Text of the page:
Two places we didn't see that come to mind are the Mamertine Prison and the catacombs.  We had a thought that we might do the latter attached to a bike ride, but I found on our last day that we couldn't fly from Rome to Paris.  There was an air traffic control strike that weekend.  This definitely throws a wrench into a European tour, trying to figure out how now to get from Rome to Paris, when I had never been overseas until this trip.  Because of that strike, everybody trying to get into Paris was being affected that weekend.  I'll tell you later how that ended.

I didn't mention in the last post that we ate at a restaurant in the neighborhood on Thursday night, June 14.  What we wanted was something authentic Italian that the locals liked.  This was Romolo e Remo, and it was good.  Everything we had in Italy, Venice and Rome, was good.  I liked it all, but nothing stood out above anything that I had in the United States.  I was ready to be impressed and wanted to like it better than anything ever.  It was all good.  I liked the pasta, the pizza, everything I had in Italy.  Nothing was bad.  You are in good hands with Italy for Italian food (as if you wouldn't have known that anyway).  You don't get any kind of chain food feel in Italian restaurants.  They seem like they care that you like what they're doing and giving to you.

We pre-purchased tickets to the Vatican museum after the normal closing time, so we would enter at 7:15pm, and we planned Friday, June 15, around that.  The first day we had taken a heart-of-Rome walk and got only as far as Piazza Colonna, and we picked up where we left off, so that we would see the Trevi Fountain and then the Spanish steps before we made our way over the Tiber River by bus.

Rome is a city of many, many fountains and the Trevi fountain is considered the most famous of them all, designed by Nicola Salvi and completed by Giuseppe Pannini in 1762.  It is gigantic and there is a huge crowd pressing against it.  No one can step into this fountain and the police presence is conspicuous.  Someone tried and the reaction from the authorities was instant.   One of the traditions is to throw a coin into this found over the shoulder.  It's supposed to mean that you'll return to Rome.  The coins are collected and used for poor people during the year.
From there we walked to the Spanish steps and made our way all the way from bottom to top and back to bottom.  The top gives a very nice view of the city of Rome.  In the distance, you see the dome of St. Peter's Basilica.
From the Spanish steps, we caught a bus to get near the Vatican, which is surrounded by a wall.  First, our plan was a late lunch or early supper someplace close to Vatican City.  It wasn't crowded there that time of day and, as we walked and looked, a lot of them looked about the same.  One of the regular practices was for someone to look at the rating on tripadvisor, and again, they were all about the same.  We stopped to eat outdoor on the sidewalk at Trattoria Pizzeria La Caravella di Magistri Luigi.  Yes, all those words.
We had time after eating to go into St. Peter's Basilica.  We went into a lot of Cathedrals on this trip.  In many ways, they all look the same.  The most massive, as one might understand, was St. Peter's, which is in essence the headquarters for Roman Catholicism.  It's the biggest in the world.  It is a massive piece of architecture, the square itself with gigantic columns done by the same person who did a lot of the major buildings we saw on the trip, Bernini.  The line was very long, but it moved.  It's free to go in and they keep you moving.  In the square, you see a giant statue of Peter, which, of course, no one knows how he looked.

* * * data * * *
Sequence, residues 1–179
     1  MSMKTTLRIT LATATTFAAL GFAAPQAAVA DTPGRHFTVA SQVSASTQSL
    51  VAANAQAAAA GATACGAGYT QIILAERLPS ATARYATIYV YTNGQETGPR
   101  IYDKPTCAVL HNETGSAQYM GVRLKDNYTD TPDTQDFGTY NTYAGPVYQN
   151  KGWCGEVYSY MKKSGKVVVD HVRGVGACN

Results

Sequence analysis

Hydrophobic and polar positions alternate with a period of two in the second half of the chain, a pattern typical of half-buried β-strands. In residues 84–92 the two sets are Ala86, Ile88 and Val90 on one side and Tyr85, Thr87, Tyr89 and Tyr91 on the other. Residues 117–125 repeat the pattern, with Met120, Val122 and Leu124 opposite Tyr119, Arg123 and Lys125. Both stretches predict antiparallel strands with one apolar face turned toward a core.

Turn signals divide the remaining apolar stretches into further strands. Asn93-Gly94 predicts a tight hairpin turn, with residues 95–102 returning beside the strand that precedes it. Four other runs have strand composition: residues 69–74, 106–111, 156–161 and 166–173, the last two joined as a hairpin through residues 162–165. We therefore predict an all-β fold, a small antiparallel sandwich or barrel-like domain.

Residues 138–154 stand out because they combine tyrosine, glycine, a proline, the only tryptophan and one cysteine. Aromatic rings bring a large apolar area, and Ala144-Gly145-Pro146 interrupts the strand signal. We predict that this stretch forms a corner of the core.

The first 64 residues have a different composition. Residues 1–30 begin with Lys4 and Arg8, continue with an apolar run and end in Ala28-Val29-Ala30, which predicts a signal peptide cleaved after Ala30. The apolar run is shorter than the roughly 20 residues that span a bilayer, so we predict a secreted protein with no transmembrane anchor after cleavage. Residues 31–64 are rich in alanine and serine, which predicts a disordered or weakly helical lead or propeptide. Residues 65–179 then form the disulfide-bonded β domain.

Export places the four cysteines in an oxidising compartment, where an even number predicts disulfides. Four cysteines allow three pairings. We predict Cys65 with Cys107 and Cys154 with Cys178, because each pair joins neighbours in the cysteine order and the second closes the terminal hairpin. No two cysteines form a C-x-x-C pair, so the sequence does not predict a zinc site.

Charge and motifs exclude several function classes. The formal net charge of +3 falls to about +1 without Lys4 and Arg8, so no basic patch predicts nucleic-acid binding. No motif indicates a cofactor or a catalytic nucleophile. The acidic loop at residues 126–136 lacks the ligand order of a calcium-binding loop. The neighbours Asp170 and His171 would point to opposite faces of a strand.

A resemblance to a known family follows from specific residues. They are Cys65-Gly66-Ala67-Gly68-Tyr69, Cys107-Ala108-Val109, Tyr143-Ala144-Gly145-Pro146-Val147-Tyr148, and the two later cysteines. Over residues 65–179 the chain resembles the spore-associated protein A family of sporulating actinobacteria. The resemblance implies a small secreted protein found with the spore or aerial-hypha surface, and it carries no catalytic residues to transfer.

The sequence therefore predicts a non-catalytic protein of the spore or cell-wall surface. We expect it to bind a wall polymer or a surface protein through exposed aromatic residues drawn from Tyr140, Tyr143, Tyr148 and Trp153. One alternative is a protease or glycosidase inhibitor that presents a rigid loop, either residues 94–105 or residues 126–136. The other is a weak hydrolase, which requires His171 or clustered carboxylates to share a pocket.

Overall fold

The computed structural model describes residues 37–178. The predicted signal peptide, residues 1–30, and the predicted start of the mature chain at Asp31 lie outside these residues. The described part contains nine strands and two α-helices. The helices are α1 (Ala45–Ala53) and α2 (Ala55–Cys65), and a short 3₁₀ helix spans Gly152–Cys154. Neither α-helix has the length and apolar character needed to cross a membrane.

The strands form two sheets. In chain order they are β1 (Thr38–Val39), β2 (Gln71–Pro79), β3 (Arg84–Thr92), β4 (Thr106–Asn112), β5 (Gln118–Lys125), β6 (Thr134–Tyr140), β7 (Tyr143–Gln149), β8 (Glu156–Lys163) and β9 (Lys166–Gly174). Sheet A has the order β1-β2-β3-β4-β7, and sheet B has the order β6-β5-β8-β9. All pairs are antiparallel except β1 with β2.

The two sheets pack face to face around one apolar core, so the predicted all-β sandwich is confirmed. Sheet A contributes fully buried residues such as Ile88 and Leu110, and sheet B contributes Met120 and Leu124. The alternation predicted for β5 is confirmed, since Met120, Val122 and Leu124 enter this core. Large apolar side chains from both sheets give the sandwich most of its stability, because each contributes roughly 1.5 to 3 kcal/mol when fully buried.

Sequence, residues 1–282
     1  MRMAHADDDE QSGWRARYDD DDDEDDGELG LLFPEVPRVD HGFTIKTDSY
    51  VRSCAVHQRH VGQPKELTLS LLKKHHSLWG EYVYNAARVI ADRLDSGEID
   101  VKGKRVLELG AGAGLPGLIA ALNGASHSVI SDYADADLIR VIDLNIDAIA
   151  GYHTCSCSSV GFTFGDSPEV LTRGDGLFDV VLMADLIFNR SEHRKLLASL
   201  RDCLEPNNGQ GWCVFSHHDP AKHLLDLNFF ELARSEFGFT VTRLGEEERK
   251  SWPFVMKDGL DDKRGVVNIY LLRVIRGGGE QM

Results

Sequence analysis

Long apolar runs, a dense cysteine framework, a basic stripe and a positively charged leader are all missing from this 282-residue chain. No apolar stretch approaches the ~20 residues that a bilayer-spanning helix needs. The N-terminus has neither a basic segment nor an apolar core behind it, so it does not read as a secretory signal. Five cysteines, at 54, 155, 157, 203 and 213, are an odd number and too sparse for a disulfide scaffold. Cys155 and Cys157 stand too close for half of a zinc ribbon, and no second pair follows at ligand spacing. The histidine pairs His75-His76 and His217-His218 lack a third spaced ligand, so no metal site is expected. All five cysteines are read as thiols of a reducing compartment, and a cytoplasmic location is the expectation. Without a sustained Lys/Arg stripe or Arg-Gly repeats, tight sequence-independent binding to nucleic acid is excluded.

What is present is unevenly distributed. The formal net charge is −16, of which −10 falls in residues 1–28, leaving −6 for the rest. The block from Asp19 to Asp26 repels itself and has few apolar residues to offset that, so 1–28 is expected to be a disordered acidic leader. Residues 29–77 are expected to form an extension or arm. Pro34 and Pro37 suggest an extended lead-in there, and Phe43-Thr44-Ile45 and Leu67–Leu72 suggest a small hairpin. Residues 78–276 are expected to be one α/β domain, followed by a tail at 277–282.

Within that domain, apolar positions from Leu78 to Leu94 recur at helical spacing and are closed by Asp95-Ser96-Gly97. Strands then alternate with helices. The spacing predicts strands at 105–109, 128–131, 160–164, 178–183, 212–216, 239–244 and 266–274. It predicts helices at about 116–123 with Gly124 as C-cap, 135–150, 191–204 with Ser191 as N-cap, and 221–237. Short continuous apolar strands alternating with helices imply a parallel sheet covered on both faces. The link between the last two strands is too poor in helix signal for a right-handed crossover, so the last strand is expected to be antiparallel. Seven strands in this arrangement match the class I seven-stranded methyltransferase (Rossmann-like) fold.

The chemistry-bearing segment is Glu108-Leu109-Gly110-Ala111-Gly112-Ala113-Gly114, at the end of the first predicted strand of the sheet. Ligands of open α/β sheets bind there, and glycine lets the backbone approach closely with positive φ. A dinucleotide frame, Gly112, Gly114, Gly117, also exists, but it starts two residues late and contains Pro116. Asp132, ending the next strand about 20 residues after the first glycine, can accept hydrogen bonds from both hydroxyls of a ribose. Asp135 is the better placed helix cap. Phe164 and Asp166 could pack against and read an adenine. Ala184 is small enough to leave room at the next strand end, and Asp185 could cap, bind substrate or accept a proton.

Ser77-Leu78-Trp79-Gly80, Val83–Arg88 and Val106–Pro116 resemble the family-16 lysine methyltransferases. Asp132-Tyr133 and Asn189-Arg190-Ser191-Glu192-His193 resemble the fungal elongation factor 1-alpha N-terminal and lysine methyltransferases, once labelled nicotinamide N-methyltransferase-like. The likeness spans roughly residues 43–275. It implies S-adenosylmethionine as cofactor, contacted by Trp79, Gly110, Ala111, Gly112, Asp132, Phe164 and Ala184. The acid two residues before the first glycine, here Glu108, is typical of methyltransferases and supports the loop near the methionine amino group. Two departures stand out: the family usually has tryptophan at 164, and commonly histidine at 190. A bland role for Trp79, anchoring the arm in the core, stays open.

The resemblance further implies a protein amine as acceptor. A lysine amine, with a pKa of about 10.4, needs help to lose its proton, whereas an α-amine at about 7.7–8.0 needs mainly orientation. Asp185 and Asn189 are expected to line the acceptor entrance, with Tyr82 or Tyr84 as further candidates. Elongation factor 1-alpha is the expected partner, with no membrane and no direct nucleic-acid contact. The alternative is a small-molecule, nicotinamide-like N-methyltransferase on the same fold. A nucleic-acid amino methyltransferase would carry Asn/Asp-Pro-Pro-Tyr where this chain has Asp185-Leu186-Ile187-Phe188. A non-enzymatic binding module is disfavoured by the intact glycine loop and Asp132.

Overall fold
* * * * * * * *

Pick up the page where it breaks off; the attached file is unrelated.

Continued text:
Besides the immensity of St. Peter's outside and in, one work of art inside is well known.  When you walk in, just to the right is the Pieta, by Michelangelo.  Of course, statues of Jesus are violations of the second commandment and then all of Europe, especially Rome, elevates Mary to great heights.  Despite that, I understand why the piece is famous and moving.  Looking at it, one feels sorry for Mary, and in all the sermons I've preached about Mary in the various gospel accounts, especially Luke, I feel great pain for Jesus' mother.  Michelangelo captures something there.
We walked through quickly, having seen enough, and then made our way around to the entrance to the Vatican Museum.  You may be asking why someone would go there?  We wanted to see the Sistine chapel among other aspects of it.  Our entrance came with a tour.  She was Italian and speaking English, but difficult to understand.  Pictures could be taken up to a certain point, including the Vatican area.
However, once you get into the museum, you can't take pictures anymore.  Some of the art in the museum is the greatest.  As soon as you walk in, the spiral staircase is impressive.  In the papal apartments are famous large frescoes of Raphael and Michelangelo, among the former's The School of Athens is impressive.   Before you walk into the Sistine chapel, you are warned not to talk and not to take pictures.  People talk and take pictures.  The guards look angry, because they said, don't talk and people do it anyway.  It's normal for tourists.

I stood and just stared everywhere in the Sistine chapel.  What struck me was that the renowned ceiling was lower then I imagined and the whole room was smaller.  It was still very large and high, but just smaller and lower than I imagined.  Everywhere was something amazing.  Again, I do think that God and Adam is blasphemous.  The story of the Bible is all over the room and done in an amazing way.  I wish I could have sat there with a guide and got a four hour explanation without all the people in there.  I was happy to have seen it.

We left there and took various busses to get home.  We found ourselves as we did a few times, waiting next to Vittorio Emanuele II Monument, which is lit up at night, very impressive.  We ate some gelato, caught our bus, and rode close to home.  We packed.  We would leave early the next day, Saturday, June 16.